Binary, decimal and computers

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Since computers use binary numbers, how is it possible for them to display decimals?

For instance, the following (C code) will print out 10, and not a binary representation of 10.

int i = 10;

printf(i);

How is that done?

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The compiler knows that what you want to display is a human readable number so it converts the binary into that. If you were to look at the piece of memory that is i it would be:

00001010

Assuming that c uses just a single byte binary for integers, and not twos comp or something similar....

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It's rather easy to write a code constructing a string from a natural number, e.g.:

std::string result="";
for (; value!= 0; value /= 10) {

int last_digit = value - 10*(value/10);
switch ( last_digit ) {
case 0: result="0"+result; break;
case 1: result="1"+result; break;
...
case 9: result="9"+result; break;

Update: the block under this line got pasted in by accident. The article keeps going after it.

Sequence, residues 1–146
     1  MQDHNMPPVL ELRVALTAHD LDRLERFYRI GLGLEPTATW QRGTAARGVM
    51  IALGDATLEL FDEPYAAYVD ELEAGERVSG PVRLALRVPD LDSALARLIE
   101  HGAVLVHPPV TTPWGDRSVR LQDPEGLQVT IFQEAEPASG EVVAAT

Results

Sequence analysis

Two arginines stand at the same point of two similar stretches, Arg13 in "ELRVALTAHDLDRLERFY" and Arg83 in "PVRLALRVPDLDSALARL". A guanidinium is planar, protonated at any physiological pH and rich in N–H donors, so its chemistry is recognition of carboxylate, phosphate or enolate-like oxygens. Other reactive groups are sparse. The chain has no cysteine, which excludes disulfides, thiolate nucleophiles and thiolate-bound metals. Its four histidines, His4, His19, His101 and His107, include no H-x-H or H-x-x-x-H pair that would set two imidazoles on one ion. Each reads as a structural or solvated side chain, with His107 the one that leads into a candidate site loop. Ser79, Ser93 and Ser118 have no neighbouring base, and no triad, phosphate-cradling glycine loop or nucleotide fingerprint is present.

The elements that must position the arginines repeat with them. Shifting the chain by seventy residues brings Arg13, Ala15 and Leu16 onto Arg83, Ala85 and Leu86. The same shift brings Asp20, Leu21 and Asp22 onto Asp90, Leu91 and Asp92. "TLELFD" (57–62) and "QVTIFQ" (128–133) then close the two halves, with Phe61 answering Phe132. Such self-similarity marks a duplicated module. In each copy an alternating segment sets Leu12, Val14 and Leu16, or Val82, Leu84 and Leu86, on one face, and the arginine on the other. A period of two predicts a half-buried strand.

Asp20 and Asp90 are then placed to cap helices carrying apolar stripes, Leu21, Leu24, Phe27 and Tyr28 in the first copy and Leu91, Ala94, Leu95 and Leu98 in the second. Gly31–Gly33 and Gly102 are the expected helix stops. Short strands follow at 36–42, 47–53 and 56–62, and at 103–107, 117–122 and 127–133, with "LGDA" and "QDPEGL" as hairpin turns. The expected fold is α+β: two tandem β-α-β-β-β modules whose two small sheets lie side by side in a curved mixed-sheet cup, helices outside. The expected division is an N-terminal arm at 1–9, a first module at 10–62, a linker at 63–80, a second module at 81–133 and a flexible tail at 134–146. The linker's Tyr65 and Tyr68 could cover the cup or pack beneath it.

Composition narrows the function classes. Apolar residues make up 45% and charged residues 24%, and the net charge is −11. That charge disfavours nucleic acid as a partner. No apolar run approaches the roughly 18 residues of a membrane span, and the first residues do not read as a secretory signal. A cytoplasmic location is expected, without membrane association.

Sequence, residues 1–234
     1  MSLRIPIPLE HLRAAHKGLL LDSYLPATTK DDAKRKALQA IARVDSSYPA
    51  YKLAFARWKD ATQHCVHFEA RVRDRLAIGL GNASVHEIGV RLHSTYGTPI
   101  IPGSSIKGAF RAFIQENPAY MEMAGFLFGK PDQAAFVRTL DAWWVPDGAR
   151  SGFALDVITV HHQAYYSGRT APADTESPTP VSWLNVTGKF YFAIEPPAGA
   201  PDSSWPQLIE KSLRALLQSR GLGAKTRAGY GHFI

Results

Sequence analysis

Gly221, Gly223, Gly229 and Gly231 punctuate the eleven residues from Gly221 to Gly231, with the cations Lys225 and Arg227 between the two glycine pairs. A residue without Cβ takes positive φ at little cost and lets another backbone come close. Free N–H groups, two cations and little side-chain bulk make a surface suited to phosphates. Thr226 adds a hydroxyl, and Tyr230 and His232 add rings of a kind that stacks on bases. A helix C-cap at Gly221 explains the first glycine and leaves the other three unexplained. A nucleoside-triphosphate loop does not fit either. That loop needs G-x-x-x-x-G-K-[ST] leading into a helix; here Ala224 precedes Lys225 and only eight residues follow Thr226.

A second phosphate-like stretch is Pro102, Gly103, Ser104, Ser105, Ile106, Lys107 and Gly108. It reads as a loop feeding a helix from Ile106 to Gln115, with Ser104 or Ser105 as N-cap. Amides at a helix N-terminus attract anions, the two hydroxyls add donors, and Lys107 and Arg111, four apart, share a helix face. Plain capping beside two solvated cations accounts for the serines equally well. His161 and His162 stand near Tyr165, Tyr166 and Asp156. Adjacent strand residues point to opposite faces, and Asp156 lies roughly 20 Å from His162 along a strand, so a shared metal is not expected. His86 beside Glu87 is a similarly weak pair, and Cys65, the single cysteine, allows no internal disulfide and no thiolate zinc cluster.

default:
std::cout<<"You screwed up the digit "<<last_digit<<std::endl; abort();
}
}
if (result == "") result="0";


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So the printf function (or similar in other languages) converts the binary representations into strings - sort of an optical illusion.

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Slightly more abstract: It converts the number into a symbol (an ordered collection of digits) that can be displayed on the screen and understood by the reader - though not necessarily in the way I sketched. This is not exclusive to computers: Actually, when you write "10" on a piece of paper you are writing down a symbol for a number. Sidenote: The symbol "$\frac{100}{10}$" would be a different symbol for the same number.

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Outdated but worth noting

http://en.wikipedia.org/wiki/Binary-coded_decimal

there is more than one way......................

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